Threats, intimidation and fear of contracting Covid-19 have some bus drivers fearing for their safety and one ready to leave the job if it worsens, drivers and their union claim.
Public transport restrictions following the nationwide lockdown have also left bus drivers feeling like they have little support in having to deal with passengers acting aggressively towards them, they say.
But Bay of Plenty Regional Council, Waka Kotahi NZ Transport Agency and NZ Bus say the safety of drivers and passengers is their priority and in line with the latest clinical advice from the Ministry of Health.
Reduced Baybus services are running throughout the lockdown to allow essential workers to get where they needed to go and people to access essential services.
NZTA has also announced public transport services are fare-free so staff did not need to handle cash.
But First Union Bay of Plenty organiser Graham McKean said drivers across the region were scared and some had used their leave to avoid going to work.
"Every time someone comes on to the bus, it's a new risk ... drivers are becoming overwhelmed.
"They're concerned about going to work ... Even though there are protections put in place, they're just frightened they're going to have to leave their job."
They said drivers were calling for sanitised vehicles and an additional layer of protection for peace of mind as well as practical health and safety.
A Tauranga bus driver, who spoke on the condition of anonymity, said they saw a man dig in the rubbish before getting on the bus coughing, sneezing, snorting and touching the rails.
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The driver believed others were taking advantage of the free service and would act out if questioned where they were going.
"I had someone wave their fist at me and call me a (expletive) and said – I'm going to get you."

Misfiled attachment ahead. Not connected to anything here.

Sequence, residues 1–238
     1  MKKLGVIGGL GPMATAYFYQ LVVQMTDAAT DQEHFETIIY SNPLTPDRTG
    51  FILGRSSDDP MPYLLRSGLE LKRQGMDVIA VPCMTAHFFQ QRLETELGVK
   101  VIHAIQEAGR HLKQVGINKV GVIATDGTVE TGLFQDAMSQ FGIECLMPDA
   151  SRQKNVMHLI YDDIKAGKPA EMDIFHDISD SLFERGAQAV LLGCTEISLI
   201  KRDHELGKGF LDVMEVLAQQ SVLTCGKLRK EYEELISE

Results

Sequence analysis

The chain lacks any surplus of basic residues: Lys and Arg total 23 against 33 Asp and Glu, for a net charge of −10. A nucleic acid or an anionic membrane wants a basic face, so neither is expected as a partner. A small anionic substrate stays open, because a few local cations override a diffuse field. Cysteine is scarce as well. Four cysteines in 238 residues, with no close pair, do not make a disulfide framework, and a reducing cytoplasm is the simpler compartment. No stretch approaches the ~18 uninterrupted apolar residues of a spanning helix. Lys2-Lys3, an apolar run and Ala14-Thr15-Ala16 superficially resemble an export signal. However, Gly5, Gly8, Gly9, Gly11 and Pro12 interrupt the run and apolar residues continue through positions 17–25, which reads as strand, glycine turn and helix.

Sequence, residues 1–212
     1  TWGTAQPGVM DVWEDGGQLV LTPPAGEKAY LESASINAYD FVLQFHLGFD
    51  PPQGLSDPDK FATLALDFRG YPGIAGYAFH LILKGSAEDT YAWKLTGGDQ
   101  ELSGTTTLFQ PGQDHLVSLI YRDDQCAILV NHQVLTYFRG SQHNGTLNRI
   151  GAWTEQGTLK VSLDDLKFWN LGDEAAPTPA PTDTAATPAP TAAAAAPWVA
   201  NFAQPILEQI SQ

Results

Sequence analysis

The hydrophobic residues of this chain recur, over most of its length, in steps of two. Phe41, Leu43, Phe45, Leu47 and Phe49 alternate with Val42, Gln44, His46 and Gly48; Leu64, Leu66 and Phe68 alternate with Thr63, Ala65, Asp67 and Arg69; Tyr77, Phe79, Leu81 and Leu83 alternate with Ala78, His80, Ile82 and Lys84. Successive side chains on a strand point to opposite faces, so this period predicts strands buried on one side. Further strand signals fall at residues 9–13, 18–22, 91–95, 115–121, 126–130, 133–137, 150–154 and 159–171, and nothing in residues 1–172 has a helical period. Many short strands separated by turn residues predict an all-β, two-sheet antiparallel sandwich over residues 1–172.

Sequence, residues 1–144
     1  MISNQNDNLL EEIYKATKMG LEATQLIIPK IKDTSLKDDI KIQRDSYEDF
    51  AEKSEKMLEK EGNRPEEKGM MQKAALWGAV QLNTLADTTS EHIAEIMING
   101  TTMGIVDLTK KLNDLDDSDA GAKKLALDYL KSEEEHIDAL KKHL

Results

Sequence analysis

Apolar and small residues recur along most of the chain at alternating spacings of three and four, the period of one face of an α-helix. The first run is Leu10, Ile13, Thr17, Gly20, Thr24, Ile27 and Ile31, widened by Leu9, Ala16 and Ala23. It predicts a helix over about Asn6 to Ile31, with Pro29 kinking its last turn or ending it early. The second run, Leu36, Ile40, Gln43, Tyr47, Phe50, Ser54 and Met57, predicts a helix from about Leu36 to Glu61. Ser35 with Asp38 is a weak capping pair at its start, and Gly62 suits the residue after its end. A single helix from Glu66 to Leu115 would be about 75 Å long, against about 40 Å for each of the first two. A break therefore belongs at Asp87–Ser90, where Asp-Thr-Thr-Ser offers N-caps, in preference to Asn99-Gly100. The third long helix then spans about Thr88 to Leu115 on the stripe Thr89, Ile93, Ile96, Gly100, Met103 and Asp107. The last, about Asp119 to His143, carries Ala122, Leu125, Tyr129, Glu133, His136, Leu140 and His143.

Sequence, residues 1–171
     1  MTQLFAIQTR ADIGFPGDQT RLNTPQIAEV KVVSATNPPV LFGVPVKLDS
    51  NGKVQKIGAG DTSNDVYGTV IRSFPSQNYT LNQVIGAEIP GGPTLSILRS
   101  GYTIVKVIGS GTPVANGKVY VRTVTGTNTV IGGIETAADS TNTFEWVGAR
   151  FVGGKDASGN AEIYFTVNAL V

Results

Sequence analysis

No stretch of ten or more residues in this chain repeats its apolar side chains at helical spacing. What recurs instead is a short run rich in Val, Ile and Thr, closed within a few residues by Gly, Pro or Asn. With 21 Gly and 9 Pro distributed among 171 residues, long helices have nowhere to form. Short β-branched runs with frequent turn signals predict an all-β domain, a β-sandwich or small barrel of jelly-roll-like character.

The driver said they had also had things thrown at the bus they were driving for refusing to let people on.
Aggression had increased "10-fold" since the lockdown.
They said if it was not for a love of the job they would have left by now because of fear and anxiety before each shift.
The driver said they would leave the job if it got worse.
Another driver said fear was high for drivers dealing with increased aggression of passengers and anxiety they could be spreading Covid-19.
The Tauranga driver said when a woman in her 80s jumped on board they did not pick up any other passengers after realising she was high-risk.
"I'm not going to be responsible for her death ... there's the anxiety."
The bus driver said they had not received any instructions on how many people were allowed on the bus, nor how to manage people who were taking advantage of the service.
Tape had been put up as a barrier between the public and drivers, but the driver claimed there were no instructions to wipe down the bus after each trip.
Drivers had gloves and face masks but the "eyes were still vulnerable".
They wanted a perspex separation between the driver and passengers.
Even elderly people had become aggressive, the driver said.
Bay of Plenty regional councillor and Public Transport Committee chairman Andrew von Dadelszen said while there had been suggestions to use smaller vehicles that were more easily cleaned, it would not allow passengers to keep a physical distance.